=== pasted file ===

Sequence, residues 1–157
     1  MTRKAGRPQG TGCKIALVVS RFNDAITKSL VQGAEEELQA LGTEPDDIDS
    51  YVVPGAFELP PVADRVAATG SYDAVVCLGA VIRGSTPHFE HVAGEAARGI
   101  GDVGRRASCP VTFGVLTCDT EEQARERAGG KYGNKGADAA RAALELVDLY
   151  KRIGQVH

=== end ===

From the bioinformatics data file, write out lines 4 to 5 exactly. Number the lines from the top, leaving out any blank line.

   101  GDVGRRASCP VTFGVLTCDT EEQARERAGG KYGNKGADAA RAALELVDLY
   151  KRIGQVH